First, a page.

The U.S. Air Force Is Planning To Get Six New E-11A With The Battlefield Airborne Communication Node Payload

File photo of a 430th Expeditionary Electronic Combat Squadron E-11A aircraft outfitted with a Battlefield Airborne Communications Node at Kandahar Airfield, Afghanistan, April 4, 2019. (U.S. Air Force photo by Capt. Anna-Marie Wyant)

With the new aircraft the USAF will triple the E-11A fleet, one year after a fatal crash in Afghanistan left the service with only three airframes.

The U.S. Air Force announced that on January 21, 2020, Northrop Grumman has been awarded a $3.6 billion contract for operations, sustainment, and support of the Battlefield Airborne Communication Node (BACN), including research, development, testing and evaluation, and integration of existing and future payloads. Together with the sustainment contract, the service disclosed that the BACN Program Office, headquartered at Hanscom Air Force Base, is working to procure six more E-11A aircraft over the next five years. Funding for the first aircraft has already been secured and negotiations are in progress, with the contract award expected by end of March and delivery of the aircraft by the end of June.

This announcement arrived just one year after the fatal crash in Afghanistan of one of the E-11As, which reduced the fleet from four aircraft to three. In the investigation report published last month, the Air Force mentioned that a series of factors, together with the catastrophic failure of the left engine, contributed to the crash that led to the death of both pilots.

The E-11A is based on the Bombardier BD-700-1A10 Global Express business jet, which requires no external modifications as the BACN payload is carried internally. The aircraft, first leased at the beginning of the program and later bought by the Air Force in 2011, transitioned in 2019 from contingency funding to a long-term program of record. The Defense Visual Information Distribution Service (DVIDS) website reported in the aircraft’s description that the Air Force already thought about acquiring a new aircraft in the same timeframe.

All the E-11As are assigned to the 430th Expeditionary Electronic Combat Squadron at Kandahar Airfield (Afghanistan), from where they provided near constant coverage in theater together with the EQ-4B. Recently, some of the airframes were spotted by ADSB tracking websites while operating over the Persian Gulf, flying out of Al Dhafra Air Base (UAE). The Air Force, however, did not provide any official info about this deployment.

A rare photo of the BACN payload inside the E-11A. (Photo: Senior Airman Corey Hook)

As you may know already, the BACN is an airborne communications relay and gateway payload carried by the four unmanned EQ-4B Global Hawks and the three manned Bombardier E-11A aircraft currently in service. The BACN payload was developed in response to the communication shortfalls experienced in Afghanistan in the 2000s that were hampering combat operations, ultimately leading to the tragic outcome of Operation Red Wings, famous following the success of the book and subsequent movie “Lone Survivor” by Marcus Luttrell, a former SEAL and the only surviving member of the mission which claimed the lives of 19 U.S. special operations service members.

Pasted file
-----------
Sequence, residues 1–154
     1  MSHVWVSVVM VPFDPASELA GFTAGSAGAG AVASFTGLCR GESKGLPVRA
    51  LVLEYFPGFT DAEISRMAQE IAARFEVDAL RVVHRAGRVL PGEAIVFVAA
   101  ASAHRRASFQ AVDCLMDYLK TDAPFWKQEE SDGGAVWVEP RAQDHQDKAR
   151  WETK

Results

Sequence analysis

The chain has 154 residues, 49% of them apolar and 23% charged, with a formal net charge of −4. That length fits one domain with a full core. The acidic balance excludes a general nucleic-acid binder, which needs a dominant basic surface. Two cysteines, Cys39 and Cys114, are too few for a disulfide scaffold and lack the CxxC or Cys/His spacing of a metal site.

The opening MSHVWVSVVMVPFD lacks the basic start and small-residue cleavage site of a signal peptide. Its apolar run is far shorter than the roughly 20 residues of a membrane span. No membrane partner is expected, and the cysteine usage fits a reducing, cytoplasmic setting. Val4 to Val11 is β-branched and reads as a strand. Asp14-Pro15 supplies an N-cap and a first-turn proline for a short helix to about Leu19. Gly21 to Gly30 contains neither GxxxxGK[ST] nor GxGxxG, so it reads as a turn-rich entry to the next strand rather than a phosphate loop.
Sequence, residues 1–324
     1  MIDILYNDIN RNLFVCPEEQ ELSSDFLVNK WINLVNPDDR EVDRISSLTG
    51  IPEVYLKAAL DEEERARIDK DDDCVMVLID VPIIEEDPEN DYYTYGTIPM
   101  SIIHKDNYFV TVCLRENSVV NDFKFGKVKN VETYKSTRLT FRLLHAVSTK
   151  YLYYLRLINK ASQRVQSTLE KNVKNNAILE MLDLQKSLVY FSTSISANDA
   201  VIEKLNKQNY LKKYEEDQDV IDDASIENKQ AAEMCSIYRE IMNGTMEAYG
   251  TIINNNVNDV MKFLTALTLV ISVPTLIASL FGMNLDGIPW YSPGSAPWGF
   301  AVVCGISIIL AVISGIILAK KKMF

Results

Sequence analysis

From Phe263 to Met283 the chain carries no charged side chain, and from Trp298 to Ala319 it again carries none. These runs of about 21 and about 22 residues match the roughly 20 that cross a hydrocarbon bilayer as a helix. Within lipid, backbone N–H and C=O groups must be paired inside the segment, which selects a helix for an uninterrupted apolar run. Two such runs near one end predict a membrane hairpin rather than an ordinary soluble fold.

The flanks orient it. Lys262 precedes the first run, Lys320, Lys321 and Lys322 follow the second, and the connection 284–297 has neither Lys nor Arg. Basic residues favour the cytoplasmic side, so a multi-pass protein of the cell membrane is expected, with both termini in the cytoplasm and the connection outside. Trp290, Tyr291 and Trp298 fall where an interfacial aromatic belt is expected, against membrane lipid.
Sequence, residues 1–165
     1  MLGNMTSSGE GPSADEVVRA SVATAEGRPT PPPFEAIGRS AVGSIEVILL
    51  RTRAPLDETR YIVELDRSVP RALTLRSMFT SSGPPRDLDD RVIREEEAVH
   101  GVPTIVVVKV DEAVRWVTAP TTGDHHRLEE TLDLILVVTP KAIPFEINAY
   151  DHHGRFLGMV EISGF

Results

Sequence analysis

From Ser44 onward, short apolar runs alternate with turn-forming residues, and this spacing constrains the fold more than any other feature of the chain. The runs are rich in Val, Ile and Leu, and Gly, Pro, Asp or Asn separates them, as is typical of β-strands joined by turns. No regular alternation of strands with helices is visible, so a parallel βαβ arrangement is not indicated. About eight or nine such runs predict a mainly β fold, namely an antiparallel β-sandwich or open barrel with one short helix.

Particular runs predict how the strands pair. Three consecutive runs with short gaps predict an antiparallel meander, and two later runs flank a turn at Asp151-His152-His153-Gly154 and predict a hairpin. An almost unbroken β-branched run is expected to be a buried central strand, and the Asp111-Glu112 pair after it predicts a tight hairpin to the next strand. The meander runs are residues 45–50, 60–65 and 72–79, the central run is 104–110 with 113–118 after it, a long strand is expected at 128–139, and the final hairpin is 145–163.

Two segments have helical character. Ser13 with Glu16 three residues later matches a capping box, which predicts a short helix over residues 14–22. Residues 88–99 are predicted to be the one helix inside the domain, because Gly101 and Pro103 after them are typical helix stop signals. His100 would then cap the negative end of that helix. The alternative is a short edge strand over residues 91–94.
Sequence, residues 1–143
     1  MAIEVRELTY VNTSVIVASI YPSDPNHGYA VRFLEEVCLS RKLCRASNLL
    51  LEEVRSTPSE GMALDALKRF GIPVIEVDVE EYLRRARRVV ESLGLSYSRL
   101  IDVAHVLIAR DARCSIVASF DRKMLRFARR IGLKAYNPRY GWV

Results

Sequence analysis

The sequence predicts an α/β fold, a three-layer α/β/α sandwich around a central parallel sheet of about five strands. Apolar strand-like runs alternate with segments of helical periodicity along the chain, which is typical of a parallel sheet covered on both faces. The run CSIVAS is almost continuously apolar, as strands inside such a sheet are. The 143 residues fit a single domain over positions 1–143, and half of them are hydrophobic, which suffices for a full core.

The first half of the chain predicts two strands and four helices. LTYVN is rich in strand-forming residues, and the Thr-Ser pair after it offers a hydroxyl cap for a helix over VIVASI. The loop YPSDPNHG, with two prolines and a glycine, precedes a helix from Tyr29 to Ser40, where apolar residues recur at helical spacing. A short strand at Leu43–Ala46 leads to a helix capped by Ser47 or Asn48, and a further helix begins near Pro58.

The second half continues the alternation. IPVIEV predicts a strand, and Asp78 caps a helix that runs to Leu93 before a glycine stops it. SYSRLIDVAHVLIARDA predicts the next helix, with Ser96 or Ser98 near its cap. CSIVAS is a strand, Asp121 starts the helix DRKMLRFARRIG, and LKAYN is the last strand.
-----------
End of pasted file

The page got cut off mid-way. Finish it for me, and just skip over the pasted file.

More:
The BACN technology was fielded in 2009 and the first combat mission was flown over Afghanistan in December 2010. Since then, it has provided military commanders with a long-range, over-the-horizon secure communication capability that connects troops to combat pilots, despite adverse terrain or distance, often when terrestrial services are either restricted or unavailable.

“BACN is a critical tool that commanders know they can rely on,” said Andy Manvell, deputy branch chief of the BACN program. “They know that they might not be able to establish communications without it. It is a very important tool and it has definitely helped save lives. Just imagine if you had someone shooting at you and there was no support. BACN helps to ensure that support arrives.”

The BACN payload, defined as a “Wi-Fi in the sky”, was developed also as the first step towards multi-domain operations, acting as a “gateway” system that allows aircraft with incompatible radio systems and datalinks to transfer information and communicate. The same concept is behind the development of the gatewayONE payload that was tested on the XQ-58 Valkyrie UAV as part of the Advanced Battle Management System (ABMS) and will allow the F-22 and F-35 to communicate in their native “languages”.

Another system, called ReleaseONE, will be carried by the KC-46 Pegasus and will be capable of creating a local cloud network with tactical aircraft in the vicinity of the tanker to share orders. These new systems will possibly replace the EQ-4B (based on the RQ-4Bs Block 20) in the next years, as the drone could be retired soon together with the older RQ-4Bs Block 30.

About Stefano D'Urso
Stefano D'Urso is a freelance journalist and contributor to TheAviationist based in Lecce, Italy. A graduate in Industral Engineering he's also studying to achieve a Master Degree in Aerospace Engineering. Electronic Warfare, Loitering Munitions and OSINT techniques applied to the world of military operations and current conflicts are among his areas of expertise.